Validation of the kinetic data and the volatile partitioning obtained in slow pyrolysis conditions (with a Thermogravimetric analyzer) will be the goal of flash pyrolysis tests on a heated grid reactor connected with an FTIR spectrometer.

Moreover inorganic matter in the samples will be analyzed and its catalytic effect will be investigated.

Modelling of the devolatilization process will also be a goal of our project since all the previous measurements will give as "by-product" abundant data that can be used for modelling purposes.

Experimental Work

Experiments will be carried out at slow pyrolysis conditions on a Thermogravimetric Analyzer (TA instruments) in order to be able to retrieve proper kinetic parameters. We will explore different heating rates (5-10-20-30 and 100°C/min) and two final temperatures of 800°C and 900°C under a flow of Helium.

Figure 1: DTG and TG curves for Untreated Wheat straw

sample (-.-) and Leached sample (-) at 10ºC/min in He flow

Kinetic of such measurements will be analyzed using the software KINETICS05, created by Mr.A.K.Burnham and Mr.R.L.Braun and licensed by Lawrence Livermore National Laboratory, California, USA. Through this software, data at different heating rates will be simultaneously fitted with a Gaussian Distribution of activation energies in order to identify the pre-exponential factor, mean activation energy and standard deviation.

Flash pyrolysis measurements at heating rates of 1000ºK/min will be performed on a heated grid reactor.

Volatiles released, both from TGA and Heated grid, will be analyzed on-line with an FT-IR spectrometer.

As previously mentioned, several analyses will also be performed on the solid initial samples and on the chars. We’ll perform XPS and 15N-NMR measurements on the chars produced at different heating rates and from different samples at different final temperatures and SEM-EDX measurements will illustrate the composition of the inorganic matter in the initial samples and in the chars.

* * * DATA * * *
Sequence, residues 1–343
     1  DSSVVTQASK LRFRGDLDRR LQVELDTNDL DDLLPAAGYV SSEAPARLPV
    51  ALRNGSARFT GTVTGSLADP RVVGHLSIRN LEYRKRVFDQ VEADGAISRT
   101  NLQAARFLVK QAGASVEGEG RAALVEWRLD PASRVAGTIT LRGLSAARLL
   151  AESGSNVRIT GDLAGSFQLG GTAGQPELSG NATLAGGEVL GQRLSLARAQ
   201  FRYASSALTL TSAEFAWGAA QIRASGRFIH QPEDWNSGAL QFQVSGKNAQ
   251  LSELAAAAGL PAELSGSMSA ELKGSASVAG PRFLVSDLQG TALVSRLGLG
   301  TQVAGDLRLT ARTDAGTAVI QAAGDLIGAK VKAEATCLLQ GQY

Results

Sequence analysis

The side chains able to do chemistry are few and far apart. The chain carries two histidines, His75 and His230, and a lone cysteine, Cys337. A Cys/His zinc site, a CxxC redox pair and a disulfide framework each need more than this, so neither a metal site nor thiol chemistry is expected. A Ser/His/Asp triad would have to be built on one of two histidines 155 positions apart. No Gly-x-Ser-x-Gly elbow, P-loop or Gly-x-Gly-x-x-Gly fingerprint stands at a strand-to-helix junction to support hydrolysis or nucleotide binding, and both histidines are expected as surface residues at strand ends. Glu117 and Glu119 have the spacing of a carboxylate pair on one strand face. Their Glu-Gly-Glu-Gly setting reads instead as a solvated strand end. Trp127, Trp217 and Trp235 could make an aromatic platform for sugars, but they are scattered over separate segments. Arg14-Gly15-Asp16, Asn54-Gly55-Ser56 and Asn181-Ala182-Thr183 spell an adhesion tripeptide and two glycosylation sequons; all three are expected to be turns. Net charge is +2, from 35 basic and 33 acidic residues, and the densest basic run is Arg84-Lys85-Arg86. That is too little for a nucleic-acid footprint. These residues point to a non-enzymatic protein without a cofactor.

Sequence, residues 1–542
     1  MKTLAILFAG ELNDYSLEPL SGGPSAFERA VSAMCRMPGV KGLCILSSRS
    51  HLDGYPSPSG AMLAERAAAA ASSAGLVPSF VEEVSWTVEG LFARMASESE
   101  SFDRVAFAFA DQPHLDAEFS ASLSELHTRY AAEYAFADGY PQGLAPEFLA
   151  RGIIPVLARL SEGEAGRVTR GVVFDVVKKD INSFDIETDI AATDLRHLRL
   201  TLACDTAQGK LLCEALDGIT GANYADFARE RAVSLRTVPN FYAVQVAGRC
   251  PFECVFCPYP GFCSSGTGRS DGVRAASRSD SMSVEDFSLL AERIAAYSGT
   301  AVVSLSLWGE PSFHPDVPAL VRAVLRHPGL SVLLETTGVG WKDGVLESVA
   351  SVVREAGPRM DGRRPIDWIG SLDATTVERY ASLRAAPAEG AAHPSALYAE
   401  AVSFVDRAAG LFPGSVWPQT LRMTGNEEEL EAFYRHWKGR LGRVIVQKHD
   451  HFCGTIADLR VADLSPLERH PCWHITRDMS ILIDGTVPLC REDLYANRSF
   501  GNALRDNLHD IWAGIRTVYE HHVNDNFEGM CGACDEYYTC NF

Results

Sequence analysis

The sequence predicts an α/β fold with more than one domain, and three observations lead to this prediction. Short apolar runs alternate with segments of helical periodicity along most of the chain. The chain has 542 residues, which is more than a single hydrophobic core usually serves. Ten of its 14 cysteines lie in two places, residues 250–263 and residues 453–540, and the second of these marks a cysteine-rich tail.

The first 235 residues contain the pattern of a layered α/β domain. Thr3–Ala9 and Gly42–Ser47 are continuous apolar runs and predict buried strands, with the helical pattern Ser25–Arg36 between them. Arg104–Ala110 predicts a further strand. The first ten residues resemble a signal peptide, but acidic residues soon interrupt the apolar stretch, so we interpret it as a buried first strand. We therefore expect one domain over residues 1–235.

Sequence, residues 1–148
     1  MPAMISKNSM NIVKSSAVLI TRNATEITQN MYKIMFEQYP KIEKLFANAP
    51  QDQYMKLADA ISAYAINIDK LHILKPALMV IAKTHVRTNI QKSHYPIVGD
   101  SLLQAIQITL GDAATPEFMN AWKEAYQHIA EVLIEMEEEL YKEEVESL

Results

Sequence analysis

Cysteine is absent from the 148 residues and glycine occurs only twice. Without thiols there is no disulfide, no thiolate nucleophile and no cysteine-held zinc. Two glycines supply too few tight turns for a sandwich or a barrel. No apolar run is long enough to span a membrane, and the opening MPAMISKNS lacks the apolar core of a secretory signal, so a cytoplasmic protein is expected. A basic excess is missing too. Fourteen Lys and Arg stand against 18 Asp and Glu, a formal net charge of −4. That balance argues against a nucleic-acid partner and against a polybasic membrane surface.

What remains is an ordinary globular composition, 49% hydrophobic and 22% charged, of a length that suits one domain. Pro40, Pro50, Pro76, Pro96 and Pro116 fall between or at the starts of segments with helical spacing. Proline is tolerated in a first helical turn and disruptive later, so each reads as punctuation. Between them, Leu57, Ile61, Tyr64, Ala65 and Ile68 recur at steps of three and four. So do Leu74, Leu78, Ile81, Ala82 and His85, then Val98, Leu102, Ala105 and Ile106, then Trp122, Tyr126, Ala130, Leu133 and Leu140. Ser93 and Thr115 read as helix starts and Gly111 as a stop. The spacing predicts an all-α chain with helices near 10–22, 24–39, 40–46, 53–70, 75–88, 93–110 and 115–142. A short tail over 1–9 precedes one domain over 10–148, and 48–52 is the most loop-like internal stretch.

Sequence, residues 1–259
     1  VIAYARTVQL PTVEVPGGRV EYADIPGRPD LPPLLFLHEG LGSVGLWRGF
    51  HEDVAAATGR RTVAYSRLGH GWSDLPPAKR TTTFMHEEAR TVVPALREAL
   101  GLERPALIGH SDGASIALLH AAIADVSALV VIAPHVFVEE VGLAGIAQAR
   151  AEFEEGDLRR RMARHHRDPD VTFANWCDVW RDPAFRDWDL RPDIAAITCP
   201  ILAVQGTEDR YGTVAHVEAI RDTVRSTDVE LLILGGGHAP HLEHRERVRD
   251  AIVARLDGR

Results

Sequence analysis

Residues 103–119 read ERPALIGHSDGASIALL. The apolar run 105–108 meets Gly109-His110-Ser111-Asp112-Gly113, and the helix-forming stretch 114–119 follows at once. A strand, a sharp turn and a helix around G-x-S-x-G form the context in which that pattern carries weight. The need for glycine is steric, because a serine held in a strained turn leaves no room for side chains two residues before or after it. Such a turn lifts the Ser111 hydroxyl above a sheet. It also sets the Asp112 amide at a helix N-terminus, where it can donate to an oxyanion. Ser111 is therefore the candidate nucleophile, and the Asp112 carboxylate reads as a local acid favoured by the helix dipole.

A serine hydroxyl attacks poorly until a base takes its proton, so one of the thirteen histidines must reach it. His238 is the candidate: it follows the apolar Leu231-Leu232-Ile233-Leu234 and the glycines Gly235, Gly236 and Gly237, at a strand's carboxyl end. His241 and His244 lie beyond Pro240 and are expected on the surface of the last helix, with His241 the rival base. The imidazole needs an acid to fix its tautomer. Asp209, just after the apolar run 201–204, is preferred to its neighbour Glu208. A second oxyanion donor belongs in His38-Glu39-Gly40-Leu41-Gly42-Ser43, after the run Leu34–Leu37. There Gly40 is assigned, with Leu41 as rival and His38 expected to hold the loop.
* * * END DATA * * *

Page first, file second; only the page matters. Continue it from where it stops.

References:

J.Giuntoli, W. de Jong, S. Arvelakis, H. Spliethoff and A.H.M Verkooijen, "Influence of pre-treatments on thermal conversion of Agricultural Residues: Effects on Nitrogen chemistry during Pyrolysis", Proceedings of the 15th European Biomass Conference & Exhibition held in Berlin 7-11 May 2007.

Moreover, biomass fuels generally contains a high percentage of volatiles (> 70% mass) and the devolatilization phase, thus, plays a major role in the whole process of combustion/gasification in terms of conversion, yields and stability of the flame. So the need for characterization of the behaviour of these fuels in thermochemical conversion is evident and fundamental in order to provide the market with sustainable, reliable, efficient and cost-competitive technologies.

According to the previously stated paradigm, the materials we chose to study are mainly agricultural residues (wheat straw and residues from the food industry) and other biomass waste (Chicken Litter, Palm Kernel Cake and Dry Distillers Grain with Solubles (DDGS) from corn ethanol production) in order to upgrade waste streams into valuable energy sources. Among these, straw is already one of the most abundant, 300 Mton are produced every year only in Europe, and it is already employed for energy purposes, mainly co-fired with coal to produce power and heat. But we’ll also study residues from the food industry, like residues from the olive oil production and peach stones; both are abundant waste streams in Mediterranean countries.

But, like the benefits, the issues with these fuels are well known: the high content of ashes and theis composition rich in alkali (mainly K and Na) together with Chlorine and Silica, gives rise to many issues on the long-time scale, like slagging, corrosion and fouling.

Fluidized bed reactors (Combustors and Gasifiers) are very flexible regarding fuel feed; this makes them one of the most suitable technologies for biomass conversion, considering the heterogeneous nature of such fuels, but, at the same time, one of the most affected by the low-temperature melting ashes that badly affect the fluidization itself.